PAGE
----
With the NHS still reeling from arguably the biggest ever ransomware attack, it is perhaps a good time for schools to consider their cybers-security arrangements. Back in January, I wrote a blog post about a particular way in which some schools had been targetted. You can see the original post here. The virus involved in the January examples may or may not have been the same WannaCry virus that is currently plaguing the NHS. The mechanism for introducing the virus into the NHS computer system may well have been different from that described in the January article. But the does not matter! What does matter is that ransomware viruses are preventable and that at your school you start taking appropriate measures to protect your systems and data.
There are two strands to preventing ransomware attacks on your data: technical and human.
The technical strand involves keeping your windows software up to date.You don't have to move to the latest Windows version as soon as it is released but continuing to run a version that is no longer supported is dangerous. It's dangerous because Microsoft stops providing patches and updates for its older operating systems. Microsoft stopped supporting WinXP and Vista three and two years ago respectively. So if you are still running either of these operating systems you should be very worried and be looking at upgrading your OS!
If your OS is still being supported (Win 7, Win8, Win 10) your machine should be receiving regular automated updates. These automated updates are your best line of defence against ransomware. Ransomware is designed to exploit vulnerabilities in your operating system. Windows updates remove these vulnerabilities by applying 'patches' or fixes to the software. But it is possible to turn updates off. Sometimes people do this because updates take up disc space and are often believed to slow the machine down. If your machine's spec is high enough for the OS there shouldn't be a problem wit the updates. And remember, a slightly slower machine that you can access your data on is better than a fast machine that has trashed all your files! Make sure that your machine is receiving automated updates!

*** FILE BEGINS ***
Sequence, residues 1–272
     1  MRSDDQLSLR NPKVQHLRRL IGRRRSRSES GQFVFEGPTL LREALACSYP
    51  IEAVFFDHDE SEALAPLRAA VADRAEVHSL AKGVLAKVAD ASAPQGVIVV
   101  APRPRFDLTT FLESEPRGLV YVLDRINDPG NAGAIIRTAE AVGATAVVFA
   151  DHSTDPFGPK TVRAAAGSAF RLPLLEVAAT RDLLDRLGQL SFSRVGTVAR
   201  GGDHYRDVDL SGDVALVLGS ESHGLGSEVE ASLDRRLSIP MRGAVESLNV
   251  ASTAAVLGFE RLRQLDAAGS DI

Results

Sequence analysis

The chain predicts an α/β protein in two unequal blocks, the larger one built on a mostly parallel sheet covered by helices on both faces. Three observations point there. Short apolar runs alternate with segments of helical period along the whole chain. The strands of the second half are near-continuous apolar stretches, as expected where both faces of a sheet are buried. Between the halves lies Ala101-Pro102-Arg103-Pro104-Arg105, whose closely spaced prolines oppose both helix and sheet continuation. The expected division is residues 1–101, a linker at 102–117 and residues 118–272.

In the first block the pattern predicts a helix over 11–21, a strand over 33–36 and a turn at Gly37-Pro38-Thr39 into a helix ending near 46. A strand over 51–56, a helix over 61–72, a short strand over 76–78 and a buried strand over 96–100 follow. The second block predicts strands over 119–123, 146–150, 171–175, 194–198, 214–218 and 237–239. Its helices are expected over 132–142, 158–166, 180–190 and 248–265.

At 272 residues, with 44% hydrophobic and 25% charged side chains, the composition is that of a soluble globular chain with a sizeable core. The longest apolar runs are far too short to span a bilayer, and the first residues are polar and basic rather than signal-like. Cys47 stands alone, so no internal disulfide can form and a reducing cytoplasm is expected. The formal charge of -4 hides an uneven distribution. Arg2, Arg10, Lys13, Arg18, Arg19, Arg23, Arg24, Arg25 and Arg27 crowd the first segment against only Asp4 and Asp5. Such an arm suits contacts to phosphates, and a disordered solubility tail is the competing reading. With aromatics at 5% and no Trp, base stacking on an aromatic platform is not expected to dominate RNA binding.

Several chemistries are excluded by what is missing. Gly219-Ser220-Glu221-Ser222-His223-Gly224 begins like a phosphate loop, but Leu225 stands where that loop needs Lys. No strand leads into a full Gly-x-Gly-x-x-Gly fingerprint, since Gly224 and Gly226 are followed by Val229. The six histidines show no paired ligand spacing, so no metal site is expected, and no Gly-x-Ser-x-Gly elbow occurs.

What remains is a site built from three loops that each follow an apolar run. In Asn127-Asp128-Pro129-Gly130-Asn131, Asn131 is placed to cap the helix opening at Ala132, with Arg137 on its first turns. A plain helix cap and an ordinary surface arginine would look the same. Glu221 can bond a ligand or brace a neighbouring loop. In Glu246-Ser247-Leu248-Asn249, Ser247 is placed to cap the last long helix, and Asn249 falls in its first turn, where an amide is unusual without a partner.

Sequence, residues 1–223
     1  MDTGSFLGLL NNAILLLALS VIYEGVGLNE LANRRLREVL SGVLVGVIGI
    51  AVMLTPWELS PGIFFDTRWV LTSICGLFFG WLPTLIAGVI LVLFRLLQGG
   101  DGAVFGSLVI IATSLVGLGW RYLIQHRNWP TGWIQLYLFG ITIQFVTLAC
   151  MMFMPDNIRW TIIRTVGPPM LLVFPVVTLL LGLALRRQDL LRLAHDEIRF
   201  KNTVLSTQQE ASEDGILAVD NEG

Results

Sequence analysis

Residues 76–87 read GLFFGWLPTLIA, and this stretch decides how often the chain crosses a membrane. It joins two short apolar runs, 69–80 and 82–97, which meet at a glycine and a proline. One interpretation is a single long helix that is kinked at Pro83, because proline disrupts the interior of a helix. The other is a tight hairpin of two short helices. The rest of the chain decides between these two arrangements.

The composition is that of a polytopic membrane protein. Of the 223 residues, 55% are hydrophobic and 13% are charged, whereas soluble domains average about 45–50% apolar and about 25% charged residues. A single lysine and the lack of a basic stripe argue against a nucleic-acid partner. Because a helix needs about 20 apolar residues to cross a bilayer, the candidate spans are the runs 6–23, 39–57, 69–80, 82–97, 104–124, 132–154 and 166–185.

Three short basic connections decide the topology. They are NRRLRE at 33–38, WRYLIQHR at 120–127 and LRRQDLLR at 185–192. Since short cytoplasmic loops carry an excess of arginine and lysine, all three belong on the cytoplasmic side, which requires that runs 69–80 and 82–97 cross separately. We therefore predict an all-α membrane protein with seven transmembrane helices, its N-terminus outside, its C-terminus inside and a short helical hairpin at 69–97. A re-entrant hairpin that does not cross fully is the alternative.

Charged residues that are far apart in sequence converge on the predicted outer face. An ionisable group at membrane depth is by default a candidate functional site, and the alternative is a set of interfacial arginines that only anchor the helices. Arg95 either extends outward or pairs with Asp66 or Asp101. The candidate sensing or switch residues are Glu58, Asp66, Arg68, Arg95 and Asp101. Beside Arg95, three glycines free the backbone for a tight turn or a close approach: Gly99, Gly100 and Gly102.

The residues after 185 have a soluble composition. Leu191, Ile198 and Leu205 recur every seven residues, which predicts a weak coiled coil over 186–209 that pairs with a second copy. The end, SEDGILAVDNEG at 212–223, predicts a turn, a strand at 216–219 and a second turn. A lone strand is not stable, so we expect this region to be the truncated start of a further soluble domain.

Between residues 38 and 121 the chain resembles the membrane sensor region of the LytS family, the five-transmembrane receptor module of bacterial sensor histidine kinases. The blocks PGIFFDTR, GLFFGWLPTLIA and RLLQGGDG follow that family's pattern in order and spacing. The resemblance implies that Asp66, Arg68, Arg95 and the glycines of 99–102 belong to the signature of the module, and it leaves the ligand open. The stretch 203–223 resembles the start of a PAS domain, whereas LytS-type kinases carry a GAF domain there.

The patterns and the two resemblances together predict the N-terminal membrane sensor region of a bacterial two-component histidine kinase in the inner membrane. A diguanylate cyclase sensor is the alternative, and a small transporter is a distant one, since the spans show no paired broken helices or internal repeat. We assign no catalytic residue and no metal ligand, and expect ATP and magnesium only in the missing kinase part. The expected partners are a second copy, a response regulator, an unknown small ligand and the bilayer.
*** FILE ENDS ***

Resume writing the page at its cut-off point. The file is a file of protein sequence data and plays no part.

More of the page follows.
If your PC or laptop's OS doesn't have the latest fixes it is vulnerable to all sorts of viruses and malware attacks but it has to get infected. The WannaCry ransomware virus will have reached individual machines on the NHS network via one of a number of possible routes: transferred from an external drive (memory stick, external hard drive), downloaded from a website or activated by some unsuspecting person clicking the infected link in an email.
Now if you never connect to the internet (not even for email or the iPlayer), if your machine is not part of a network, and you never plug in any form of external media (memory sticks, external drives etc) you can stop worrying! A truly isolated machine is absolutely safe from viruses. But these days we are rarely offline let alone unconnected. We send and receive files via email, we open emails and follow links, we download free apps, music and videos all of the time.
So all the cybercriminal needs to do is to send us an email with a link to a virus or disguise the virus in a seemingly harmless file or software download. As described in the January article, sometimes they'll go the extra mile to ensure that we accept their download or open the email.
Ransomware attacks rely heavily on human behaviour. Someone needs to click a malicious link or open a malicious attachment to trigger the attack. So first and foremost, be vigilant. Learn to spot phising emails and potential ransomware attacks.
- Is the email from a known sender?
- Are you expecting the email/attachment?
- Is the email address suspicious? i.e. from: Kathy Smith<KS3456864927t.com>
- If you are asked to click a link again does the URL look suspicious? i.e. URL www.lloydsbank/45678tyr.com
- Are there grammar or punctuation errors that you wouldn't expect?
- Test the link at https://global.sitesafety.trendmicro.com/
And make sure that everyone who uses you machines knows this stuff! Raise it at your next staff meeting, talk to admin and other non-teaching staff, check that your OS is supported and regularly updated. Make sure that pupils are aware too - it will help protect your system and help to keep them safe from potential ransomware attacks at home.